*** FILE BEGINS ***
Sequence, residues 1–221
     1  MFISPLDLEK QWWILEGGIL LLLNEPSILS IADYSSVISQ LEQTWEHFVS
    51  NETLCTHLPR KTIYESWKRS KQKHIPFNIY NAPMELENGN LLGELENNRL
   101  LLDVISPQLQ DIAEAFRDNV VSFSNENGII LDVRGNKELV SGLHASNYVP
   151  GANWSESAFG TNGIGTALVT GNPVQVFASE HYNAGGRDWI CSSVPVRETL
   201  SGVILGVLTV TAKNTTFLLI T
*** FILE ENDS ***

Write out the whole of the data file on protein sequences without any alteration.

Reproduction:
Sequence, residues 1–221
     1  MFISPLDLEK QWWILEGGIL LLLNEPSILS IADYSSVISQ LEQTWEHFVS
    51  NETLCTHLPR KTIYESWKRS KQKHIPFNIY NAPMELENGN LLGELENNRL
   101  LLDVISPQLQ DIAEAFRDNV VSFSNENGII LDVRGNKELV SGLHASNYVP
   151  GANWSESAFG TNGIGTALVT GNPVQVFASE HYNAGGRDWI CSSVPVRETL
   201  SGVILGVLTV TAKNTTFLLI T